The shofar is arguably the most powerful musical instrument in the world.
Its mighty blast brought the walls of Jericho tumbling down. The long blast of the shofar accompanied Moses as he ascended Mount Sinai to receive the Torah. Mentioned often in the Torah and Talmud, the sound of the ram’s horn or shofar was used to announce the start of holidays and war.
Today, the haunting sound of the shofar awakens us from our spiritual slumber so we can reflect and repent as a new year begins.
We are commanded to hear the blast of the shofar on both days of Rosh Hashanah (unless one day is on Shabbat). This is the only biblical commandment related to Rosh Hashanah other than cessation of work (and specific sacrifices during the Temple era). Numbers 29:1: “And in the seventh month, on the first day, there shall be a holy convocation for you; you shall not perform any mundane work. It shall be a day of shofar sounding for you.
The shofar is also sounded on the Yom Kippur, the Day of Atonement, as a call for repentance, self-sacrifice and redemption. Some communities sound the shofar throughout Elul, the month leading up to Rosh Hashanah.
A total of 100 blasts are to be blown each day of Rosh Hashanah. There are four traditional shofar sounds: tekiah, a long, unbroken blast; shevarim, three medium notes; teruah, nine rapid staccato notes; and tekiah gedolah, a triple tekiah lasting at least nine seconds, though often much longer. The long stable continuous sound of the tekiah gedolah is said to create a feeling of awe.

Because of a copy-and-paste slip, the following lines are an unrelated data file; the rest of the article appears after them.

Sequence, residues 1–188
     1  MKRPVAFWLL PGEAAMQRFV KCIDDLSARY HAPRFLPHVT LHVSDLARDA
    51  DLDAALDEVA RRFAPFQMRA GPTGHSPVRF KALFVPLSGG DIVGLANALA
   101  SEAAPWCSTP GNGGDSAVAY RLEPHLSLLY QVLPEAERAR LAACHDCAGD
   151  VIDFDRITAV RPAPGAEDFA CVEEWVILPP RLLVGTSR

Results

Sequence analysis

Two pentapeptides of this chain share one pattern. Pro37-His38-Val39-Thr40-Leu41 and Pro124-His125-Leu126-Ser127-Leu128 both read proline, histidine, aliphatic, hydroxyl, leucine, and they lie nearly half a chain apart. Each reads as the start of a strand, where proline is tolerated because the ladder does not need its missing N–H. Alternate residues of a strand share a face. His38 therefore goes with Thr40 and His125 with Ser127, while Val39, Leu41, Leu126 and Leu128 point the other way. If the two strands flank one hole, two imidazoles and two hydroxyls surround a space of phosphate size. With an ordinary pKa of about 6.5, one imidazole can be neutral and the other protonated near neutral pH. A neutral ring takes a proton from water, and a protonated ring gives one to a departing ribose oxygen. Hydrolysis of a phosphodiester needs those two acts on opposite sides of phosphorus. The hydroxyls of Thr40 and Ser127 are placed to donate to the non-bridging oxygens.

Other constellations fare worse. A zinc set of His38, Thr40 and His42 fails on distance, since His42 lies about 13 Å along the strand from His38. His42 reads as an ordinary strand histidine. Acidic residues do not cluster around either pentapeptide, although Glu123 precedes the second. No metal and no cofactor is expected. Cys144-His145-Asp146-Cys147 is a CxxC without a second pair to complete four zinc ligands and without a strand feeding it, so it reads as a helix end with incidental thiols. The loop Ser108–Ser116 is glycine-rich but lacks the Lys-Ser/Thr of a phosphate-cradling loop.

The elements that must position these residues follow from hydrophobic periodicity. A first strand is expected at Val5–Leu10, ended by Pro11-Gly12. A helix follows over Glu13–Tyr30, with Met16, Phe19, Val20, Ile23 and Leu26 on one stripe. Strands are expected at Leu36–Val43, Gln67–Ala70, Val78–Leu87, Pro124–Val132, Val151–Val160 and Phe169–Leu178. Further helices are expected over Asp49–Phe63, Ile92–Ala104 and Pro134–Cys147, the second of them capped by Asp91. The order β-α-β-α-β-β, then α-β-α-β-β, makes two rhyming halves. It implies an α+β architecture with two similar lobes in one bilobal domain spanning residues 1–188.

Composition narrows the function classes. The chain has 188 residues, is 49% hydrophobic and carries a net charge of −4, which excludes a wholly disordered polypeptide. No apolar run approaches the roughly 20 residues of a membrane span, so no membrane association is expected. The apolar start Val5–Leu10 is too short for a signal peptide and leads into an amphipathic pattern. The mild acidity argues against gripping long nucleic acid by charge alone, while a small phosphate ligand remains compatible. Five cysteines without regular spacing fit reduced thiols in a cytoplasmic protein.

The ram’s horn, the classic material for a shofar, has been called a reminder of how God decreed Abraham could sacrifice a ram rather than his son Isaac. While the ram’s horn is the archetypal shofar, any kosher animal horn can be used.
Shofars.com describes four primary shofar types.
Ram’s horn shofars from a domestic ram are the most common; used in both Ashkenazi and Sephardic communities, they generally light in color, though black horns can be found.
Flat ram’s horns are typically used by Moroccan and German Jews; their popularity may stem from a time when persecution made easy hiding essential.
Bavli shofars are natural, unfinished ram’s horns with a very deep sound. Iraqi and Iranian Jews often use these.
Yemenite shofars are made from the horn of a kudu antelope and are very long and often spiral.
A shofar can be plain, polished, decorated or carved.
Whatever type of shofar you hear, it is sure to stir your soul.